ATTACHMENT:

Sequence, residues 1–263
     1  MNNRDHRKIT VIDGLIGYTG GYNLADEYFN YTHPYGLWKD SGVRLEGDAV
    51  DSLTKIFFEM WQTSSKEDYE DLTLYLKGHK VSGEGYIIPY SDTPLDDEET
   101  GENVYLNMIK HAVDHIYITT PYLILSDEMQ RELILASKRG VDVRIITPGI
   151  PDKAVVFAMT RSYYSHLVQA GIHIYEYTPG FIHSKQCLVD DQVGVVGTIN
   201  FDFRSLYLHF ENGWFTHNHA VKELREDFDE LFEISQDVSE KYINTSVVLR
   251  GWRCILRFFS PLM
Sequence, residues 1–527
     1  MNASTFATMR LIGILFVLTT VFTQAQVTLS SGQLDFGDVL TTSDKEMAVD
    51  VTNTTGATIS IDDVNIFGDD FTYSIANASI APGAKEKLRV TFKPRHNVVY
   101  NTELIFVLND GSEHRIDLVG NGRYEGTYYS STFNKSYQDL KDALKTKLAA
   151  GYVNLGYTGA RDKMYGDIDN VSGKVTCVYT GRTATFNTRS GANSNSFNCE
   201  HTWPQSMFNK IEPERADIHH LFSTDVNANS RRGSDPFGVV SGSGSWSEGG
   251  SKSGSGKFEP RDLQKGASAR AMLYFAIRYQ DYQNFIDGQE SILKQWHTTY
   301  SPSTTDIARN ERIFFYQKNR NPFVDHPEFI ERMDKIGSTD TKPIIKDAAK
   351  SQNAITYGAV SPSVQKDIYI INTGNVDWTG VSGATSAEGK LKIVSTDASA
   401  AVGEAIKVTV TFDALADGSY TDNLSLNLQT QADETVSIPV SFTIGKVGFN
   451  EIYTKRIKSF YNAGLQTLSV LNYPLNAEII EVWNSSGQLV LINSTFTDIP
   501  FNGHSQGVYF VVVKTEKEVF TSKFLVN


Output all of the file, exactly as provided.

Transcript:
Sequence, residues 1–263
     1  MNNRDHRKIT VIDGLIGYTG GYNLADEYFN YTHPYGLWKD SGVRLEGDAV
    51  DSLTKIFFEM WQTSSKEDYE DLTLYLKGHK VSGEGYIIPY SDTPLDDEET
   101  GENVYLNMIK HAVDHIYITT PYLILSDEMQ RELILASKRG VDVRIITPGI
   151  PDKAVVFAMT RSYYSHLVQA GIHIYEYTPG FIHSKQCLVD DQVGVVGTIN
   201  FDFRSLYLHF ENGWFTHNHA VKELREDFDE LFEISQDVSE KYINTSVVLR
   251  GWRCILRFFS PLM
Sequence, residues 1–527
     1  MNASTFATMR LIGILFVLTT VFTQAQVTLS SGQLDFGDVL TTSDKEMAVD
    51  VTNTTGATIS IDDVNIFGDD FTYSIANASI APGAKEKLRV TFKPRHNVVY
   101  NTELIFVLND GSEHRIDLVG NGRYEGTYYS STFNKSYQDL KDALKTKLAA
   151  GYVNLGYTGA RDKMYGDIDN VSGKVTCVYT GRTATFNTRS GANSNSFNCE
   201  HTWPQSMFNK IEPERADIHH LFSTDVNANS RRGSDPFGVV SGSGSWSEGG
   251  SKSGSGKFEP RDLQKGASAR AMLYFAIRYQ DYQNFIDGQE SILKQWHTTY
   301  SPSTTDIARN ERIFFYQKNR NPFVDHPEFI ERMDKIGSTD TKPIIKDAAK
   351  SQNAITYGAV SPSVQKDIYI INTGNVDWTG VSGATSAEGK LKIVSTDASA
   401  AVGEAIKVTV TFDALADGSY TDNLSLNLQT QADETVSIPV SFTIGKVGFN
   451  EIYTKRIKSF YNAGLQTLSV LNYPLNAEII EVWNSSGQLV LINSTFTDIP
   501  FNGHSQGVYF VVVKTEKEVF TSKFLVN